Looking for advice on what are the most appropriate next steps for me..

Discussion in 'Money makeover' started by Opus2018, 4 Dec 2018.

  1. Opus2018

    Opus2018 Registered User

    Posts:
    32
    Age: 52
    Spouse’s/Partner's age: n/a

    Annual gross income from employment or profession: €76,000 (once I'm back in Ireland) + other income (see below)

    Annual gross income of spouse: n/a

    Monthly take-home pay: €4,100 approximately

    Type of employment: e.g. Civil Servant, self-employed

    Civil servant pemanent

    In general are you:

    (a) spending more than you earn, or
    (b) saving?

    Saving:- Once I'm back home, I expect to save around 1,850 Euro a month. Currently I'm saving around 50% of my salary at present - I have always had a history of being quite a good saver (not all the time, mind!).

    Rough estimate of value of home: €750,000- €775,000 (this may be a touch conservative).
    Amount outstanding on your mortgage: €0.00 (Phew! Mortgage repaid as of July 2018, very much ahead of schedule)

    What interest rate are you paying?

    n/a was 3.7%

    Do you pay off your full credit card balance each month?
    yes
    If not, what is the balance on your credit card? n/a

    Savings and investments:


    Approximately €410,000 in liquid assets, of which roughly €75,000 in shares and the rest in cash.

    Do you have a pension scheme? Yes through work DB scheme (I'm a pre-1995 entrant).

    Do you own any investment or other property? No.

    Other borrowings – car loans/personal loans etc: Nil.

    Hi all,

    I'm coming back home in 2019 after being away for a few years (was on career break). I was wondering what you think my next steps should be now? I have over 23 years of contributions on a DB pension with my job - I plan to retire at 60 or so, so I'll be up to to over 30 years on the pension side (out of a max of 40). I could buy back years, but that will be rather expensive. I was just wondering if anyone had any guidance or suggestions, as I'm a little short of ideas at present given that I was working towards making myself debt free. I am open to purchasing more shares (but will do the relevant research first naturally!). One last thing, I do get the opportunity to do work abroad from time to time which works out at around 900-1,000 euro per day which could be used to help me buy back years...if I'm lucky, I'll have around 20-30 days of work in 2019 (it might be more, could be less).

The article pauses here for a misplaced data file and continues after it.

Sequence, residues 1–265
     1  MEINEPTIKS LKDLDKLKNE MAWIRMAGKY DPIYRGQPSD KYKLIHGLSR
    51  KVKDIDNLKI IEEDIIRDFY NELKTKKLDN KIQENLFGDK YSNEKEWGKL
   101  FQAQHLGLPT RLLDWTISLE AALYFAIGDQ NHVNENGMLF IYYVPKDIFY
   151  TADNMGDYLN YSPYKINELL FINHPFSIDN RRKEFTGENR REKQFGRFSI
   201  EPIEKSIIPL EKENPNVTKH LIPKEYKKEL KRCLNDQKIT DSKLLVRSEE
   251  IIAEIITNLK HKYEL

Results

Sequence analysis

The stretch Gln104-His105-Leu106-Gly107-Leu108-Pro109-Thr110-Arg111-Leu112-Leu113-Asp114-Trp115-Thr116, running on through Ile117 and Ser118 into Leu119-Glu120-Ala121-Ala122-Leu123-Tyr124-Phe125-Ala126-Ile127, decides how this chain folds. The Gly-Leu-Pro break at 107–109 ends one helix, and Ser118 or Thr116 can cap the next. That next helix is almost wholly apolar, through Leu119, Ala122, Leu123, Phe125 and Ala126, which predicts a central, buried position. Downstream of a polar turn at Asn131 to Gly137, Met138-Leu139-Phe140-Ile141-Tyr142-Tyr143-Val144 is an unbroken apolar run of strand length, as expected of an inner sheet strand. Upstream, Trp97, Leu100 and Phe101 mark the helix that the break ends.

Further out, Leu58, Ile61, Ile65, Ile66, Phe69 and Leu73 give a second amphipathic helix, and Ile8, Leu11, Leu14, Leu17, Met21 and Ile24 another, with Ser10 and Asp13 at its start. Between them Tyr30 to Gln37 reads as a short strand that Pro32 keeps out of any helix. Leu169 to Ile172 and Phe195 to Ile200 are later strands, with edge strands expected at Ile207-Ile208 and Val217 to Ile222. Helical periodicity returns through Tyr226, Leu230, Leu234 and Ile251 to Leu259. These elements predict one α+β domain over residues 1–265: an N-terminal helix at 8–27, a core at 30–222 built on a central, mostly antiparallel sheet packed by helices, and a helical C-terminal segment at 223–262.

If you have any questions or comments, do let me know. I'm very much looking forward to hearing from you.

    Best,

    Opus2018.
     
  2. Buddyboy

    Buddyboy Frequent Poster

    Posts:
    462
    Hi Opus2018,
    I really struggled to formulate an answer to this post. Obviously you have given us pertinent information, but very little else to go on. So remember that when I give you my thoughts.

    You are 52 (same age as myself), you have a house worth 3/4 of a million, owned outright. You have no (life) partner or dependants, you have savings of 400,000, and no debts. You have a DB pension

    You currently save half you salary, and your main question is whether you should buy back years to increase your pension or purchasing shares (i.e. more savings)?

    The big question that jumps out to me is WHY?
    At what point do you intend to stop accumulating money and start spending it?
    If you were hit by a bus tomorrow, what would flash before your eyes?
    Are you actually living, enjoying yourself, gaining experiences?

    For all I know you are living the high life with the half salary you spend, and get to work abroad in exotic locations and use your free time to travel the world.
    But you didn't say so, so I am assuming not. You did say you were on a career break, but since you quote a monthly take home pay, I assume you were working during that time.
     
  3. DeeKie

    DeeKie Frequent Poster

    Posts:
    229
    It sounds like you could buy a small apartment to visit at weekends?
     
  4. thos

    thos Frequent Poster

    Posts:
    129
    Sounds like he could buy a large apartment to visit at weekends.
     
    Firehead, DeeKie and arbitron like this.
  5. DeeKie

    DeeKie Frequent Poster

    Posts:
    229
    When do you plan to retire OP?
     
  6. Opus2018

    Opus2018 Registered User

    Posts:
    32
    Hi lads,

    Thanks for the replies. I intend to retire at 60 or so in response to DeeKie (and no, I don't feel the need to buy any type of apartment small or large to visit at weekends! ;) ).

    In response to Buddyboy please see below:-